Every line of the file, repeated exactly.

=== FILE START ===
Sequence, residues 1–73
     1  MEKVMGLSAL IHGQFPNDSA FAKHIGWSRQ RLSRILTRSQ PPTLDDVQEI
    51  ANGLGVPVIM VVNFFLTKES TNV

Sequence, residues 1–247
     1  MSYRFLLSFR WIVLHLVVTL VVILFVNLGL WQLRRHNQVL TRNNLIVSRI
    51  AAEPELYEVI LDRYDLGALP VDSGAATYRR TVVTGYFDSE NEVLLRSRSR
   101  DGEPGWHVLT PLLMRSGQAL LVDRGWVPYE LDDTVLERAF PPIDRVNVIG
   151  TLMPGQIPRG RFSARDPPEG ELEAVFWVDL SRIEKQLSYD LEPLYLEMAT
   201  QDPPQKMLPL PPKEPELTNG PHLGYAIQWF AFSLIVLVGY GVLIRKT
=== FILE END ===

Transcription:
Sequence, residues 1–73
     1  MEKVMGLSAL IHGQFPNDSA FAKHIGWSRQ RLSRILTRSQ PPTLDDVQEI
    51  ANGLGVPVIM VVNFFLTKES TNV

Sequence, residues 1–247
     1  MSYRFLLSFR WIVLHLVVTL VVILFVNLGL WQLRRHNQVL TRNNLIVSRI
    51  AAEPELYEVI LDRYDLGALP VDSGAATYRR TVVTGYFDSE NEVLLRSRSR
   101  DGEPGWHVLT PLLMRSGQAL LVDRGWVPYE LDDTVLERAF PPIDRVNVIG
   151  TLMPGQIPRG RFSARDPPEG ELEAVFWVDL SRIEKQLSYD LEPLYLEMAT
   201  QDPPQKMLPL PPKEPELTNG PHLGYAIQWF AFSLIVLVGY GVLIRKT